The town has one public primary school: the École maternelle et élémentaire de Saint-Python. It is contractually regulated by the Academy of Lille. Secondary schools include the public Collège Antoine de Saint-Exupéry and the private Catholic Institution Saint-Michel, both located in Solesmes.
Places and monuments
One of the paths of Camino de Santiago the via septentriones templi passes through the village coming from Haussy. It goes through the municipal park, then the church, before leaving by meandering in the streets towards Saint-Vaast-en Cambrésis by hiking trails. Several tags are in fact embedded in the tar, plus two labels on the way.
Saint-Python has two castles: the Cardon Castle, referred to as "Saint-Python's Castle", and the smaller Leterme Castle. In 1185, Saint-Python's Castle was set on fire by Philip I, Count of Flanders. On September 28, 2007 the castle, which now belongs to the Pavot family, endured another fire devastating the floors and roofs. It was once again restored the following year.
As of 2019, Saint-Piatiens have always been almost exclusively Christians with a minority of atheists. Few Muslim families arrived and settled in the late 2000's and 2010's in Saint-Python and its neighbouring villages.
Saint-Python’s ‘Culs de Caudron’ celebrations taking place in September and involving the Géants du Nord has been inscribed by UNESCO on the lists of Intangible Cultural Heritage in 2008, originally proclaimed in November 2005 as it is included in the set of folkloric manifestations representing the processional giants and dragons (French: Géants et dragons processionnels) of Belgium and France. Those gigantic figures, incarnating fictitious or real beings, are inherited from medieval rites and are carried or rolled around to dance in the streets during processions or festivals. The ‘Culs de Caudron’ often coincide with a ducasse.
Conspicuous people affiliated to the commune
- Raymond Poirette (1928–1944): He was born March 16, 1928 in Solesmes and died September 2, 1944 in Saint-Python. He was a French Resistant and was arrested and shot dead at close range at 16 years old while he was handing out leaflets near ‘N° 61 of the Rue d’Haussy’. Solesmes' resistance network was headed by Victor Poirette, Raymond's older brother, and Georges Mailloux. Teenagers then served as liaison agents: Raymond Poirette is among them. Their role was to transport documents, weapons, to transmit orders from one point to another. In addition to his role as liaison officer, Raymond participated in some sabotage operations with the aim of hindering the German retreat. As a tribute to the young resistance fighter, several places bear his name, a street in Solesmes and a school restaurant in Saint-Python.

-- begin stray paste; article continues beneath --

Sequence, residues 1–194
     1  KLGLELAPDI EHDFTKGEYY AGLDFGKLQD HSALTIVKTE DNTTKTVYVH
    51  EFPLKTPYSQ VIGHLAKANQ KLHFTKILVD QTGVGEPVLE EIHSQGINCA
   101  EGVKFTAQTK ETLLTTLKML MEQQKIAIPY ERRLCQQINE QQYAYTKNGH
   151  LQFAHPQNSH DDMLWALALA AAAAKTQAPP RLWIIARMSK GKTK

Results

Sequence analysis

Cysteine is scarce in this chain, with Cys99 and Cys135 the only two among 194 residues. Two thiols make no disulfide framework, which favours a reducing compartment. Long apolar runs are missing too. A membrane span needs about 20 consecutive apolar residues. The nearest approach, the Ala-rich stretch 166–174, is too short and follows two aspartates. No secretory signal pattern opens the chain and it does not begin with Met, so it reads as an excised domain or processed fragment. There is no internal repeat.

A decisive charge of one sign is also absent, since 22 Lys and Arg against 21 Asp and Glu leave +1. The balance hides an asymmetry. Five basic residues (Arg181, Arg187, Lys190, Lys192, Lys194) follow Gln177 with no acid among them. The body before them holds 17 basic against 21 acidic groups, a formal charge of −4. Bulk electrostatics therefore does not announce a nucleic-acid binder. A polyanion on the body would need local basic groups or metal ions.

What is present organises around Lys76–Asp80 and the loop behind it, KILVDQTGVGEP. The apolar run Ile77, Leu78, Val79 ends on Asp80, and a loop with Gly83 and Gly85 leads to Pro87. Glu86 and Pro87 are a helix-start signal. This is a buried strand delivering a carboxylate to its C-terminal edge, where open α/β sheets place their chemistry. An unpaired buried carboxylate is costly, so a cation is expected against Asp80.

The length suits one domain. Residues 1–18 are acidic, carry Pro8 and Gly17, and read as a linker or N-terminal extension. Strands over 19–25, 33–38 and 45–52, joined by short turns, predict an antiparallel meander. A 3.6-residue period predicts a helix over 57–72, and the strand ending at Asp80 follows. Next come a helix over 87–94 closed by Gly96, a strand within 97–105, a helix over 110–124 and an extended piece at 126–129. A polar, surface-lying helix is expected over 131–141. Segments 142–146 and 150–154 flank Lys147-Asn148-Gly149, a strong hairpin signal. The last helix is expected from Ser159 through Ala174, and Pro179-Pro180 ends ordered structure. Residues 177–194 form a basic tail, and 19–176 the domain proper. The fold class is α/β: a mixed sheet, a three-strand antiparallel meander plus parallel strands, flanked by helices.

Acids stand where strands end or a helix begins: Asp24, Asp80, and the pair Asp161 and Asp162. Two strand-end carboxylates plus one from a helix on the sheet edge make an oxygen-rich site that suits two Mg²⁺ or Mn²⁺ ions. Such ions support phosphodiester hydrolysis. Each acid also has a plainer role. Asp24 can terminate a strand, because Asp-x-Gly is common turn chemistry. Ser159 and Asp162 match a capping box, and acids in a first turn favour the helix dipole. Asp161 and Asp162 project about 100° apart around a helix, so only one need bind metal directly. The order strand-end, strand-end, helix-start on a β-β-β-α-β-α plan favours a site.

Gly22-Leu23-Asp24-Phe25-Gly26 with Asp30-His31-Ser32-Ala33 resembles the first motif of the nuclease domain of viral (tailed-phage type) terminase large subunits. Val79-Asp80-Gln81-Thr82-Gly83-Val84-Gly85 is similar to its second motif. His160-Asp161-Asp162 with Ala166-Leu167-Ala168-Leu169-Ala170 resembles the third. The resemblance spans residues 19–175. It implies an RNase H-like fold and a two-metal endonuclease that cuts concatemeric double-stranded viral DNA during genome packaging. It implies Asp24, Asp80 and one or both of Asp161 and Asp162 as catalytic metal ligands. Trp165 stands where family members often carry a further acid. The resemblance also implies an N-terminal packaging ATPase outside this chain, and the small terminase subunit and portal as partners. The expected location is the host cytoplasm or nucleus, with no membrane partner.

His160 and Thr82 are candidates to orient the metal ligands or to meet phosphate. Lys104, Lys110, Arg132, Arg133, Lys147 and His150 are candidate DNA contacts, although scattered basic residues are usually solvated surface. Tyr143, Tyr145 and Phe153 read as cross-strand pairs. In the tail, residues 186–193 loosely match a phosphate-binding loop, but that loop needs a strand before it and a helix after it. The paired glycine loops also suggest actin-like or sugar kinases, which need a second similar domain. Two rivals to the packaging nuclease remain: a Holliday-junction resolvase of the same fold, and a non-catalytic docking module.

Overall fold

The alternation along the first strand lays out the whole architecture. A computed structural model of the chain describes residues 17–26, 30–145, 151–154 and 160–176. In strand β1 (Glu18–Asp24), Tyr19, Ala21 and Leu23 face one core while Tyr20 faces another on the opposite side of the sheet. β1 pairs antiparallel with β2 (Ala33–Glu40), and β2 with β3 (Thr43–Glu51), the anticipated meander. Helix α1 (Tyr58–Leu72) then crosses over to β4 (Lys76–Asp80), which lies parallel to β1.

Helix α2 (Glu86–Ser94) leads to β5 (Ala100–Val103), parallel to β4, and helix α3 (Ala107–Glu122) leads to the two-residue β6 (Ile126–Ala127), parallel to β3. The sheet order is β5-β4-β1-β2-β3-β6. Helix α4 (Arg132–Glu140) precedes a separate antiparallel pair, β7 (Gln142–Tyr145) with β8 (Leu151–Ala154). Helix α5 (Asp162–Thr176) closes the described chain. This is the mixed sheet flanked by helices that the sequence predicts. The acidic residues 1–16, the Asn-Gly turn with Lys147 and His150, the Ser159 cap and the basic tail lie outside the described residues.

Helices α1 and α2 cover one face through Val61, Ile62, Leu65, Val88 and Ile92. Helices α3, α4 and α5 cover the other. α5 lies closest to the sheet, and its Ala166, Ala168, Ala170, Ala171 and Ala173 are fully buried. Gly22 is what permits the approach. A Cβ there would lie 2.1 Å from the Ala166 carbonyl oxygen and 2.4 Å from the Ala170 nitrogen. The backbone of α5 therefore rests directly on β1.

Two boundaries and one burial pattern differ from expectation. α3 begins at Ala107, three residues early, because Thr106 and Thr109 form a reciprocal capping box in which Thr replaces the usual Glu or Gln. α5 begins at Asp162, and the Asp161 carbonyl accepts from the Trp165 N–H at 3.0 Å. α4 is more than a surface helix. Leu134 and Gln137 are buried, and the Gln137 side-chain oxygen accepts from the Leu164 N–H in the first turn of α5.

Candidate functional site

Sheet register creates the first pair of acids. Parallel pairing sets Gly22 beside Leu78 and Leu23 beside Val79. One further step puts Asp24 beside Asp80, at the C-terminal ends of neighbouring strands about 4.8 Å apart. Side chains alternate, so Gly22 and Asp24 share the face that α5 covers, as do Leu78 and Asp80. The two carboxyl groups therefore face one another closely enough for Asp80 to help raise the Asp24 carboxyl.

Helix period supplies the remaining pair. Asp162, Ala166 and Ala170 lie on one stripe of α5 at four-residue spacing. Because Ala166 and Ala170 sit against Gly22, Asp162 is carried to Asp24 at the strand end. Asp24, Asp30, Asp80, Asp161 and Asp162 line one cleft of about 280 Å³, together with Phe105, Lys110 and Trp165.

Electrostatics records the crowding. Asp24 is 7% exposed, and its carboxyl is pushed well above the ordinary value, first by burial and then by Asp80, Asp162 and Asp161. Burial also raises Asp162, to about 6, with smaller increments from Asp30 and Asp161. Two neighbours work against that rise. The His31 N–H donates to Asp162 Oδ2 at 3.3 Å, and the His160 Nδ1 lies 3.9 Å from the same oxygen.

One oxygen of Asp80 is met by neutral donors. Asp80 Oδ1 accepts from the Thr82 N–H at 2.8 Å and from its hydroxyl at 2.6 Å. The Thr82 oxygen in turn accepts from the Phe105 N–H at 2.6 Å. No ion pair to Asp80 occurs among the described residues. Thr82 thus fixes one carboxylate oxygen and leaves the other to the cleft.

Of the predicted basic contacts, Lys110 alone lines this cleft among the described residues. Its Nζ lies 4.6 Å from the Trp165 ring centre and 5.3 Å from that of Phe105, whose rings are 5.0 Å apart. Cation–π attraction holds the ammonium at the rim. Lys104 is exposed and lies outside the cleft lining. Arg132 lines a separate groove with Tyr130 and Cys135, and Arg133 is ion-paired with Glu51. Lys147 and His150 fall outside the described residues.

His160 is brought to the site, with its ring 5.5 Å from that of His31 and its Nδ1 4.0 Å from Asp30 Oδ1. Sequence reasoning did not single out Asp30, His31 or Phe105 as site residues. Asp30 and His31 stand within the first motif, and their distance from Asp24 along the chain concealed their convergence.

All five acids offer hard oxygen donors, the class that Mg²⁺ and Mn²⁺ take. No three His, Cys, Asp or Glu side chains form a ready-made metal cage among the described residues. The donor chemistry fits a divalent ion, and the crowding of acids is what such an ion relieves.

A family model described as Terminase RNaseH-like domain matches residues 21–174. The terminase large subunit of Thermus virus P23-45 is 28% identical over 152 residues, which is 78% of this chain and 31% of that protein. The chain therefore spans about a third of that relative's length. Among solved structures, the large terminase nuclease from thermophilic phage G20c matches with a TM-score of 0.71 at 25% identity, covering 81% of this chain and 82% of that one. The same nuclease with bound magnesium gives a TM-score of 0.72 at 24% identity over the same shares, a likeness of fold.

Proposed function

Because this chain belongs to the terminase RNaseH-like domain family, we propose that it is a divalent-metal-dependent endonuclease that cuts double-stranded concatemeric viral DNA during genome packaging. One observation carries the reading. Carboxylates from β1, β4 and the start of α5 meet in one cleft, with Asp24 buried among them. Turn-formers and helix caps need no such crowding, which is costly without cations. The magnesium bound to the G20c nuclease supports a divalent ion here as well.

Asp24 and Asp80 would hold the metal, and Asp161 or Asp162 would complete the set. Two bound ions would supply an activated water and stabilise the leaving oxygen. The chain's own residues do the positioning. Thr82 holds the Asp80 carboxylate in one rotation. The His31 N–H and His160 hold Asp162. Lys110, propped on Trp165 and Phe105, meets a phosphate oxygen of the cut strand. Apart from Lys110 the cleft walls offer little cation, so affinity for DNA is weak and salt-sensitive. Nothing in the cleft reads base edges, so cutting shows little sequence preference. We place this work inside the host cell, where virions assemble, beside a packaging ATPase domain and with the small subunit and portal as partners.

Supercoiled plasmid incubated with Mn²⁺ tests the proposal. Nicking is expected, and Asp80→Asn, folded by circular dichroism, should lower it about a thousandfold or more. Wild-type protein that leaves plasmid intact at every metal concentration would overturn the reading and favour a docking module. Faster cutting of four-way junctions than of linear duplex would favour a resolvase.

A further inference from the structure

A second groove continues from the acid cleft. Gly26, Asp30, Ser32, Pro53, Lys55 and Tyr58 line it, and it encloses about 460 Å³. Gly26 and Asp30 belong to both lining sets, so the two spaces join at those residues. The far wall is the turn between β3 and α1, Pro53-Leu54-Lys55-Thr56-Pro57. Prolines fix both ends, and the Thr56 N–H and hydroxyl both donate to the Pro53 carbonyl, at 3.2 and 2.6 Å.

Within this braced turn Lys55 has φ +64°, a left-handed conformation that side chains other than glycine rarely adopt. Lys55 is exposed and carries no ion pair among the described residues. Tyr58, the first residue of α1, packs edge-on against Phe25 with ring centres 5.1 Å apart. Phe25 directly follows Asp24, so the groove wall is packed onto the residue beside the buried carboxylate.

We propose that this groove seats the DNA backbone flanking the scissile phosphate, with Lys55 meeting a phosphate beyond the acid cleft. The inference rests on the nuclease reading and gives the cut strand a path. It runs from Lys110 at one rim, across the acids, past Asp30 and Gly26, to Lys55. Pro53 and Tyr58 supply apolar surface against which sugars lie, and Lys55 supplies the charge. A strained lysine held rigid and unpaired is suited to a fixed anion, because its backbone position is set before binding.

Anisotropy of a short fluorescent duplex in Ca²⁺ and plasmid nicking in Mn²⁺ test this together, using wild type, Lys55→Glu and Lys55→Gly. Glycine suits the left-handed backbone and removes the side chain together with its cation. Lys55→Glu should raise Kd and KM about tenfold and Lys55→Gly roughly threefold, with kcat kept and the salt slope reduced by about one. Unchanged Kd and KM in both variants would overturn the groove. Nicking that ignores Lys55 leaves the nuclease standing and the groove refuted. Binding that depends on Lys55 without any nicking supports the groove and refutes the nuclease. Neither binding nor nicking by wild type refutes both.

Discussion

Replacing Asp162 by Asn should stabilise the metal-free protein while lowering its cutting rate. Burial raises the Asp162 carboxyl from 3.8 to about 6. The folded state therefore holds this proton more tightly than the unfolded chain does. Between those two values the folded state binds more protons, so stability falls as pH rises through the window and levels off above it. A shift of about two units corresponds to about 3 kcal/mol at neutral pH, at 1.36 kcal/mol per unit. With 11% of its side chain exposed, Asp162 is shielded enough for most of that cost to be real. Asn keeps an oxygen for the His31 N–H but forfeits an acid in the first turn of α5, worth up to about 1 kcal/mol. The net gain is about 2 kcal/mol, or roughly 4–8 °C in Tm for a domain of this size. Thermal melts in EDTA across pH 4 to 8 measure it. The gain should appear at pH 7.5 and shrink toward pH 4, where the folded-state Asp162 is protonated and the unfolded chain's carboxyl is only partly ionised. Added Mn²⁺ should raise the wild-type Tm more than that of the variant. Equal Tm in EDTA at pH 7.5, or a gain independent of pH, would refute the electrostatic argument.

- Louis Boniface, Etude sur la signification des noms topographiques de l'arrondissement de Cambrai, Valenciennes, Impr. Louis Henry, 1866.
- Official website
- History Blog dedicated to Saint-Python.
- Saint-Python at the Institut national de la statistique et des études économiques
- "Populations légales 2016". INSEE. Retrieved 25 April 2019.
- Mannier, Eugène (1861). Eugène Mannier, Études étymologiques, historiques et comparatives sur les noms des villes, bourgs et villages du département du Nord. Paris: Auguste Aubry, Libraire-Éditeur.
- Turquin, Pierre (1955). "The Battle of the Sabis (La Bataille de la Selle – du Sabis)". Les Études Classiques. 23/2: 111–157.
- Duvivier, C. (1865). Recherches Sur Le Hainaut Ancien (Pagus Hainoensis) Du Viie Au Xiie Siecles. Paris: HACHETTE LIVRE. ISBN 9782012621978.
- Hossart, Philippe (1792). Histoire Ecclésiastique Et Profane Du Hainaut. bibliothèque de l'État de Bavière: Lelong.
- Meresse, Abbe (2004). History of Cateau-Cambresis. Lorisse. ISBN 9782877607728.
- Deloffre, Guy (1985). Guerres et brigandages au XVe siècle en Hainaut, Pays d'Avesnes, Thiérache et Ardennes. Paris: Mémoire de la Société archéologique et historique d'Avesnes.
- Contamine, Philippe (2004). Guerre, État et société à la fin du Moyen Âge. Études sur les armées des rois de France (1337–1494). Paris: Éditions de l'École des Hautes Études en Sciences Sociales (EHESS). pp. 450, 334.
- de Combles, Waroquier (1785). État de la France, ou les vrais marquis, comtes, vicomtes et barons. National Library of the Netherlands: Clousier.
- Peter; Poulet, chanoine J. (1930). Religious History of the Department of the North during the Revolution (1789–1802) [Histoire religieuse du département du Nord pendant la Révolution (1789–1802)]. Lille: Publivations des Facultés Catholiques (Volume I. From the end of the Ancien Régime to 9 Thermidor year II – July 28, 1794).
- Blas, Michel (9 November 2018). "Lords of St. Python (Seigneurs à Saint-Python)". St-PYTHON. Retrieved 22 November 2018.
- Blas, Michel (9 November 2018). "Election de 1790". Saint-Python. Retrieved 13 November 2018.
- "Mairie de Saint-Python". Mairie.net. 1 January 2018. Retrieved 1 January 2018.
- "Résultats de l'élection présidentielle 2017 Saint-Python (59730), Nord". L'Express. 8 May 2017. Retrieved 15 May 2017.
- "Évolution et structure de la population à Saint-Python en 2007". Institut national de la statistique et des études économiques. 2010. Retrieved 10 December 2010.
- "Saint-Python La Friche SASA et la rue d'Haussy, deux chantiers menés de front". La Voix Du Nord. 5 January 2019. Retrieved 6 January 2019.
- "Saint-Python via septentriones templi". Caudry Tourism Office. 15 November 2017. Retrieved 23 November 2017.
- "Saint-Python: A very long week-end of celebrations with the Culs de Caudrons". La Voix Du Nord. 31 August 2018. Retrieved 5 January 2019.
- Rédaction La Voix (21 September 2008). "The Raymond-Poirette school restaurant will be inaugurated on October 4 (Le restaurant scolaire Raymond-Poirette sera inauguré le 4 octobre)". La Voix Du Nord. Retrieved 22 May 2011.
|Wikimedia Commons has media related to Saint-Python.|